Instead of resurrecting Keynes, Darling should have taken the pre-budget report as an opportunity to put some money back into the struggling private sector economy, where it actually stands a chance of being productive. He could have done this very easily by raising the personal allowance – which currently stands at £6,035 – to £12,000 for every taxpayer. At a stroke that would take 7 million low-paid workers out of income tax altogether, and ensure that no one earning the minimum wage or less would pay income tax at all.
To the average worker, this would be like getting an extra £1,730 a year in gross pay, leaving them £100 per month better off and reversing the substantial falls in disposable income that have occurred over the last 12 months. Indeed, had the Chancellor been feeling prematurely festive he could even have given this measure retrospective effect for the current tax year, which would have meant a one-off 'Christmas rebate' of £1,800 for a typical dual-earner family, and another £200 per month thereafter.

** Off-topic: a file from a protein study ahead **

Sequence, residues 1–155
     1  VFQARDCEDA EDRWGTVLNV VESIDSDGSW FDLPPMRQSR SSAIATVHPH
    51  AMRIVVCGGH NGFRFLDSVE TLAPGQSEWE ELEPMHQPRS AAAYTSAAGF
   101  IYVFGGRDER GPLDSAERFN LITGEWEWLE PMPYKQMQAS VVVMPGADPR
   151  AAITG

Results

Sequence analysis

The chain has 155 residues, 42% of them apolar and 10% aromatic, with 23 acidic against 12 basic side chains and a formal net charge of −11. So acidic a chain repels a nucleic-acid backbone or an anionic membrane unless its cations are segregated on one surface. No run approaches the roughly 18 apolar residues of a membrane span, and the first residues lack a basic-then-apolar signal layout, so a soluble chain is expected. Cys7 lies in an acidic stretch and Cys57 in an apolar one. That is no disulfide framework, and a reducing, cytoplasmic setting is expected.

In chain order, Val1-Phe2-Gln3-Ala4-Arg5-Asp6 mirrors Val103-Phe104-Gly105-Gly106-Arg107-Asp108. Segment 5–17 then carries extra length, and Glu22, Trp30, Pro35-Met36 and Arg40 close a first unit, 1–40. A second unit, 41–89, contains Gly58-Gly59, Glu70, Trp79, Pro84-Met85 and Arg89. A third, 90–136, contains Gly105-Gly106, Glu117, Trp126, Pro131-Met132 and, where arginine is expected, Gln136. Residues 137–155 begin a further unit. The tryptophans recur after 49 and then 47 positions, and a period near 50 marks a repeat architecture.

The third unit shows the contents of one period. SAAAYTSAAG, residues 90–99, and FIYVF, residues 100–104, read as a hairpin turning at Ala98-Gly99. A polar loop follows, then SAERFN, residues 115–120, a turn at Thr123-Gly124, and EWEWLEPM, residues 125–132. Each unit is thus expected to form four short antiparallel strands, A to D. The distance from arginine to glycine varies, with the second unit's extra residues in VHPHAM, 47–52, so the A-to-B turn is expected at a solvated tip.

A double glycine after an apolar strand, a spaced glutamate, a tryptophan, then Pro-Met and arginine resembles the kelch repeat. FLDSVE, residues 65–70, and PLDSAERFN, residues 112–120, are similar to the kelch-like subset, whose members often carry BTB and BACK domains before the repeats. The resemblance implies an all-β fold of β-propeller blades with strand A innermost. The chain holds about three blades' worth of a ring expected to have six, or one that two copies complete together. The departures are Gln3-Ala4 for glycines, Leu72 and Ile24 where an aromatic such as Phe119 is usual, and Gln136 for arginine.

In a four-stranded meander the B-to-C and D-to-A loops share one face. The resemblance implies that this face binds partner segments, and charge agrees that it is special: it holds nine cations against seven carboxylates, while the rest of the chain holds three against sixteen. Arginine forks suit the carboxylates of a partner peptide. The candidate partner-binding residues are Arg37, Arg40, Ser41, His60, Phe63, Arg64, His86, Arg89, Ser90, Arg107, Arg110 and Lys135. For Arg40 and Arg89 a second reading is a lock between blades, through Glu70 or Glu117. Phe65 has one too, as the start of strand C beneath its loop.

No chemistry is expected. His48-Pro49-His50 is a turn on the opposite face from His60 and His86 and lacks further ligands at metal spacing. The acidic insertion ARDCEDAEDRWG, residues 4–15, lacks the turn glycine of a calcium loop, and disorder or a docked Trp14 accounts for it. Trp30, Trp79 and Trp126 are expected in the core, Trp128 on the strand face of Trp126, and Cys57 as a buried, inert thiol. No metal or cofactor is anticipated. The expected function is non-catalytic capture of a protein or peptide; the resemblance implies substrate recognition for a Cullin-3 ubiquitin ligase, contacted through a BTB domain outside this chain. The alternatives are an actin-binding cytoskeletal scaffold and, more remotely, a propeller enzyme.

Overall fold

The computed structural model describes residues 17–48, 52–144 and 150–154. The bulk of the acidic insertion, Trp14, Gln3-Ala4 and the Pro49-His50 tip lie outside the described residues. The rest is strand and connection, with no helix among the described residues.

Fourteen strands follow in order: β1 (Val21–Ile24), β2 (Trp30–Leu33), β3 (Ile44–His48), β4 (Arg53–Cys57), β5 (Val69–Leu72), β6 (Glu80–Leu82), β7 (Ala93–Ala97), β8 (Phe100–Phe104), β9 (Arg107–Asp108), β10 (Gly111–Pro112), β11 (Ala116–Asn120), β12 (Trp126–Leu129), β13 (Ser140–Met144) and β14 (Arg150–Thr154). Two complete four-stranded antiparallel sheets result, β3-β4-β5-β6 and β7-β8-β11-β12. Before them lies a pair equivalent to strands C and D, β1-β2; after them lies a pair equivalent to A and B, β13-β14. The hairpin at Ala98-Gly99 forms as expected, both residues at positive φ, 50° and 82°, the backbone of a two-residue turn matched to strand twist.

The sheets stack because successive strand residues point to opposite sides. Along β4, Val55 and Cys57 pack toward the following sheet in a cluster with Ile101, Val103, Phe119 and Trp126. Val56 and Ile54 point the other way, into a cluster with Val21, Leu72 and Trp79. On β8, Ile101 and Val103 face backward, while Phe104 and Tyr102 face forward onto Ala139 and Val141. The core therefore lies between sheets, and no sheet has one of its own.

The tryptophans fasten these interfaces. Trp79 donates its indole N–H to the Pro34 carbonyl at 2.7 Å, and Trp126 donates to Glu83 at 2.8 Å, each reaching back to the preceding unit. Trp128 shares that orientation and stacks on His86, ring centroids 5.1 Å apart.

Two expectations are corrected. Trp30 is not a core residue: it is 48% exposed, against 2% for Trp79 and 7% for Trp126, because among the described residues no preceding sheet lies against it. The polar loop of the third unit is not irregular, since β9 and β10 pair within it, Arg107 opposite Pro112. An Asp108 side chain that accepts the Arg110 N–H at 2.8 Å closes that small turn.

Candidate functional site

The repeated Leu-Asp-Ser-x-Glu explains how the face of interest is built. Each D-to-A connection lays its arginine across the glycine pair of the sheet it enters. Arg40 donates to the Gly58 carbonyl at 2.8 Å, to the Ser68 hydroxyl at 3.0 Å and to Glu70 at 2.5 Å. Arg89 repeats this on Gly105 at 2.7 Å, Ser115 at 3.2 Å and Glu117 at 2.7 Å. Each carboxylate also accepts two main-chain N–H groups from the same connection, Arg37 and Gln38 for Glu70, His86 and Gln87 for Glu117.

Assuming that the higher-rate threshold was kept where it is, and not raised in line with the personal allowance, such a measure would cost the Exchequer around £18.9bn a year in lost revenue – not an inconsiderable sum, but not an overwhelming one either. There would certainly be no need to increase government borrowing to do it: simply forcing government departments to stick to their budgets would save £14bn a year, while cutting quango budgets by 10 percent would save a further £6bn.
Needless to say, that analysis ignores the dynamic effects such a tax cut could have. By freeing up an extra £19bn to be spent or invested in the private sector economy, it could boost growth (or prevent contraction) and therefore increase revenues (or prevent them falling). Raising the personal allowance would also strengthen incentives to work, help to eliminate the 'benefits trap' and make low-paid jobs more economic – greatly increasing opportunities for the unemployed.
Of course, even if it didn't do any of those things, raising the personal allowance would still be worth it, just because it would make everyone's day-to-day lives that little bit easier. In the face of a recession, isn't that what government should be aiming for?
Click here to download the ASI's briefing paper on why the personal allowance should be raised and how to do it.